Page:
See ya, CFL: GE moves on from fluorescent light bulbs

By the end of the year, the manufacturer will stop making fluorescent light bulbs, and instead will focus entirely on halogen incandescents and high-efficiency LEDs.

It's twilight time for fluorescent bulbs at GE Lighting.

By the end of the year, GE will cease production and sales of compact fluorescent lights (CFLs), the manufacturer announced this morning. Moving forward, the company's focus will fall entirely on halogen incandescents and on high-efficiency LEDs.

"CFL's kind of been the light bulb that everybody loves to hate," explained John Strainic, chief operating officer of GE Lighting, citing the history of complaints about CFL dimmer compatibility, brightness delay, and quality of light. Strainic says that the industry has come a long way, but admits that the perception of inferior performance lingers. "Ultimately, LED offers a better solution at a comparable price."

The move reflects the shifting landscape of the lighting aisle, where the phase-out of classic 40W and 60W incandescents has made room for more efficient options like LEDs and halogen incandescents. With the prices of those other options coming down considerably in the last few years, the relevance of CFLs has been in decline.

"You end up with a shelf that has (halogen) incandescents on one side and your energy-saving, longer-life LEDs on the other, and the CFLs in the middle get squeezed," Strainic said. "It's already happening."

Strainic also points out that Energy Star's efficiency standards are set to rise to 80 lumens per watt in 2017. When that happens, most compact fluorescents will no longer qualify for utility rebates. The wide majority of those rebate dollars will shift to LEDs, Strainic says.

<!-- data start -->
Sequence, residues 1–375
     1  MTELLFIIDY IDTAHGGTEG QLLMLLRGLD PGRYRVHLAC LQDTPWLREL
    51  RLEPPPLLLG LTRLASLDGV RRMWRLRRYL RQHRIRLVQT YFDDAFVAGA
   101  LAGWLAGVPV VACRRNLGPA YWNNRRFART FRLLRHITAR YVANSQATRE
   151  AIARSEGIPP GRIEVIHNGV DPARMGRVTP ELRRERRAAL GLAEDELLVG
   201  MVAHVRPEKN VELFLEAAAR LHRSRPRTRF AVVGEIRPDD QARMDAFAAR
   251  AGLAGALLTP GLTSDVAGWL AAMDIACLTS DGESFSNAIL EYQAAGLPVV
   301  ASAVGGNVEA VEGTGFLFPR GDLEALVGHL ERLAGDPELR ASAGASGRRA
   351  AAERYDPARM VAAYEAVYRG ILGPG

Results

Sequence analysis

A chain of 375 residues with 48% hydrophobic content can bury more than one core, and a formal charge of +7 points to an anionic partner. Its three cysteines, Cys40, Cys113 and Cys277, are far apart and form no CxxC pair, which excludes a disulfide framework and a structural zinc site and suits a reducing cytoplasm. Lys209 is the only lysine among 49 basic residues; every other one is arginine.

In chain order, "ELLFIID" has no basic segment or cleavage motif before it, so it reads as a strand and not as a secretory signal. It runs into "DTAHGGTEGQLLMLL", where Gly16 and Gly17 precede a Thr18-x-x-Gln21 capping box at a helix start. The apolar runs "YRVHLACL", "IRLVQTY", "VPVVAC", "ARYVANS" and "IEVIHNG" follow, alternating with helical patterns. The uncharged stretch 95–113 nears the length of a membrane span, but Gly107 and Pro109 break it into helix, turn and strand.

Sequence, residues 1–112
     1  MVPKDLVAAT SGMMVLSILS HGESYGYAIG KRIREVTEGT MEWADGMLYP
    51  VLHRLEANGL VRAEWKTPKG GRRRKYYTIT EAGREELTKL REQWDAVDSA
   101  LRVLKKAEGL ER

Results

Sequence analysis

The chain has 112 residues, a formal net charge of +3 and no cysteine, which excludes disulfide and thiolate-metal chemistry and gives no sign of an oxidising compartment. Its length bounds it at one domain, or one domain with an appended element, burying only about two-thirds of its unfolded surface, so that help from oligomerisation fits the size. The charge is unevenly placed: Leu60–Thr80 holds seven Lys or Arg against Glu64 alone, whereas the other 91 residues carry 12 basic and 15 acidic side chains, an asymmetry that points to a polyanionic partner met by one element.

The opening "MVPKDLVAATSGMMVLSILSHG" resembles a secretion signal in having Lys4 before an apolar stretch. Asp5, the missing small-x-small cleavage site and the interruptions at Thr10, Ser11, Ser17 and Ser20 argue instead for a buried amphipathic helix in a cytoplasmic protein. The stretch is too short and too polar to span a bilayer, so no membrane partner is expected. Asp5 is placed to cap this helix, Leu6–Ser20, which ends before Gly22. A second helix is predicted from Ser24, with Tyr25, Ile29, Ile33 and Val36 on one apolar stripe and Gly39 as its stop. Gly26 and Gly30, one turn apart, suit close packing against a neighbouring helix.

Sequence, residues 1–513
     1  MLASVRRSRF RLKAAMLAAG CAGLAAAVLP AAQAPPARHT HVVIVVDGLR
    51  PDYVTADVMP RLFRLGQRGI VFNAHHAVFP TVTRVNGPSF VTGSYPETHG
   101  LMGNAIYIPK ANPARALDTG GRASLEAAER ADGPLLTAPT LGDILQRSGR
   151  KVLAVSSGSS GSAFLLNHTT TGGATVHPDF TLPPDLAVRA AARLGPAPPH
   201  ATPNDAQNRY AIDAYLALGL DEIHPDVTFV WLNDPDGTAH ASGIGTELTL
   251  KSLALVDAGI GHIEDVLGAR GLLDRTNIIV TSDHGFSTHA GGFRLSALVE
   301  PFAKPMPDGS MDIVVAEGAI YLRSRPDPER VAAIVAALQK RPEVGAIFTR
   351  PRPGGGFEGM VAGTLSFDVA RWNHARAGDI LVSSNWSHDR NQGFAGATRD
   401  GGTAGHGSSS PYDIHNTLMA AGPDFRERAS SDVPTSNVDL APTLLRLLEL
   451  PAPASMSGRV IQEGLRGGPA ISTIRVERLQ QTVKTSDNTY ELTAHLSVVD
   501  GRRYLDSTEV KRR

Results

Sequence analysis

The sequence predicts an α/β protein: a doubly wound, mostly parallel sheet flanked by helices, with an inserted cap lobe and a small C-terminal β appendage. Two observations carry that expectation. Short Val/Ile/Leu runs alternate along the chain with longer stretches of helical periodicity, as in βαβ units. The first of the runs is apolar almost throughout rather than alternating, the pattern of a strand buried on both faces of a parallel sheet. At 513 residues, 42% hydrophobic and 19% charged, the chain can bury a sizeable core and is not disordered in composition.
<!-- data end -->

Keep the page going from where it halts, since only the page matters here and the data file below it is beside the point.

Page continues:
Sayonara, CFL.

Ry Crist/CNET

And then there's last summer's release of the GE Bright Stik LED, a low-cost LED option designed for the same sort of household utility lighting as cheap fluorescents. Strainic admits that the bulb was more or less designed to be a CFL killer at its price of $10 for a 3-pack, and says that GE plans to build upon its success in the coming year.

To that end, the company has already released a bigger, brighter version of the Bright Stik designed to replace 100W bulbs, and soon expects to unveil a GE Reveal-branded Bright Stik designed to improve the colors in your home, too.

If you're a fan of GE's CFL bulbs, you'll have plenty of time to stock up. GE expects that it'll take some time to sell through its CFL inventory at retail partners like Walmart and Sam's Club -- the entire year, perhaps, and potentially into 2017 as well.

Still, it's a significant step for GE, and for the entire lighting industry. It's unclear whether or not names like Philips and Osram Sylvania will follow suit with CFL phase-outs of their own, but you have to imagine that they see the same writing on the wall.

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